Indictments will soon be handed up in the case of a pizza deliveryman who in August 2003 wound up in the middle of a bizarre bank robbery scheme that ended with a bomb around his neck exploding, according to lawyers involved with the case.

Brian Wells, 46, robbed a suburban Erie, Pa., bank in 2003 with the bomb attached to his neck and then was killed when it exploded as he sat handcuffed in a parking lot while police waited for a bomb squad.

No one was charged as authorities struggled to determine who was behind the plot and whether Wells was an innocent victim or willing participant.

Tim Lucas, a lawyer who represents a witness who testified before a grand jury in the pizza-bomber case, told FOX News on Tuesday that the indictments likely will charge Marjorie Diehl-Armstrong, 58, who is in jail for another killing, with Wells' death. One or two other individuals might also be charged, Lucas said, but the government believes Diehl-Armstrong was the ringleader.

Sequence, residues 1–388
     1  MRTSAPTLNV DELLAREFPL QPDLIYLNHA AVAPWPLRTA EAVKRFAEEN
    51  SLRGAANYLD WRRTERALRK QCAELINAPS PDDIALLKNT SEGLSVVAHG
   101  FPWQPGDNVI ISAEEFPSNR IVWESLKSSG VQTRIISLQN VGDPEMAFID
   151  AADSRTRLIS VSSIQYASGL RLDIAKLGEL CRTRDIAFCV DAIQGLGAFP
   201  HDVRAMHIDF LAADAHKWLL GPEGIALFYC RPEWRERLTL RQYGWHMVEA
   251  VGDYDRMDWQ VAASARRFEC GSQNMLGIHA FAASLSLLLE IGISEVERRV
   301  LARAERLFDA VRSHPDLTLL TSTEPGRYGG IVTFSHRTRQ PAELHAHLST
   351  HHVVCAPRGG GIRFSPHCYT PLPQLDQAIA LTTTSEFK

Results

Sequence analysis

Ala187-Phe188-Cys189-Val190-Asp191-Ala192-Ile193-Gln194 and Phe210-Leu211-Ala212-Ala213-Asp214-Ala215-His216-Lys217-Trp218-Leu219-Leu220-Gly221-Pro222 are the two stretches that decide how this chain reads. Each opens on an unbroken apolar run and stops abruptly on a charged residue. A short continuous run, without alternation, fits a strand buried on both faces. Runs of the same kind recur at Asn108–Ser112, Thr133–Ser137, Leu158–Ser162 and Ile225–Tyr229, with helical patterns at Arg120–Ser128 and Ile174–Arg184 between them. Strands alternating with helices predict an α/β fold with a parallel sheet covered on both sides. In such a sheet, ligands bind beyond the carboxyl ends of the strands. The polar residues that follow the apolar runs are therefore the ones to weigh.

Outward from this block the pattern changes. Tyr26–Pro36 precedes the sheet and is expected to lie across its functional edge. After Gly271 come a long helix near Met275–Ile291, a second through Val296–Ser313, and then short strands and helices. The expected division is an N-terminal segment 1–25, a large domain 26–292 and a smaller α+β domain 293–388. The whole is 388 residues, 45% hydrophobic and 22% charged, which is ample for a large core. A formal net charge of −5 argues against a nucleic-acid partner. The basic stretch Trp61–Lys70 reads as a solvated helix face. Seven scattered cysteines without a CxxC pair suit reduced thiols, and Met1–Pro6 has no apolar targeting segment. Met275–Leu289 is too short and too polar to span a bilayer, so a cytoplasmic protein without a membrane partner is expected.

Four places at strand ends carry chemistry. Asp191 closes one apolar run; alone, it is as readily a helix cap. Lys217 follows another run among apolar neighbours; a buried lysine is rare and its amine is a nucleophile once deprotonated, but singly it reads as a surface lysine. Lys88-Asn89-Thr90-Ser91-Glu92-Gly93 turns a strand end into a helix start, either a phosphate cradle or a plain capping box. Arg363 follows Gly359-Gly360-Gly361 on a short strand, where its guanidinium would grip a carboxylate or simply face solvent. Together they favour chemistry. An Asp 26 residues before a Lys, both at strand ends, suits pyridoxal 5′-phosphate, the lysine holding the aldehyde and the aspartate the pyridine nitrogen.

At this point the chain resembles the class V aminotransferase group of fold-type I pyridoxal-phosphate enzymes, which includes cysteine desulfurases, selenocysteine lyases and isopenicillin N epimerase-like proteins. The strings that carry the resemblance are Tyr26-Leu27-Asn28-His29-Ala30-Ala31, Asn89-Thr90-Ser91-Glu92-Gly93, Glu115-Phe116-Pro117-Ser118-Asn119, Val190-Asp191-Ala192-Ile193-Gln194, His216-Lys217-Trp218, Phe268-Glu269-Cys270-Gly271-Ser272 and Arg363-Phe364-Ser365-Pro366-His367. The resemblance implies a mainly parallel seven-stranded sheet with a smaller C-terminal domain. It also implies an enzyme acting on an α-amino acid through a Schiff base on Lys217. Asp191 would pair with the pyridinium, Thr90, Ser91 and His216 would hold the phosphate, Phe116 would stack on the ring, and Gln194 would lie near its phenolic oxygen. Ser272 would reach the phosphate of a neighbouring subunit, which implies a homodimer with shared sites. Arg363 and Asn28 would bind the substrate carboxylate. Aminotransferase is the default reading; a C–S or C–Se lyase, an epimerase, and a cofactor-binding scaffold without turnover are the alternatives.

Diehl-Armstrong's lawyer, federal public defender Thomas Patton, also said in court papers filed Monday in Erie that he anticipates his client being charged, reports The Pittsburgh Tribune-Review.

"Ms. Diehl-Armstrong has not yet been charged; however, it is anticipated that an indictment will be forthcoming shortly," Patton wrote in a request for a gag order to keep prosecutors from holding a news conference to announce the charges, the newspaper reported.

Click here to read The Pittsburgh Tribune-Review story

Diehl-Armstrong, formerly of Erie, is serving 20 years in state prison for killing her roommate, James Roden. Diehl-Armstrong pleaded guilty but mentally ill.

Roden's killing led police to question Diehl-Armstrong in the Wells case because Roden's body was found in the freezer of a man named William Rothstein, who has since died. Rothstein's house was near the TV tower. Wells told police before he died that he had been accosted by gunmen who locked the bomb on his neck and forced him to rob the bank when he went to deliver a pizza to a TV tower on a dead-end road.

Diehl-Armstrong was also charged in 1984 with the death of her boyfriend, Robert Thomas, but was acquitted of the homicide charge. She was, however, convicted of carrying a firearm without a license, and received probation.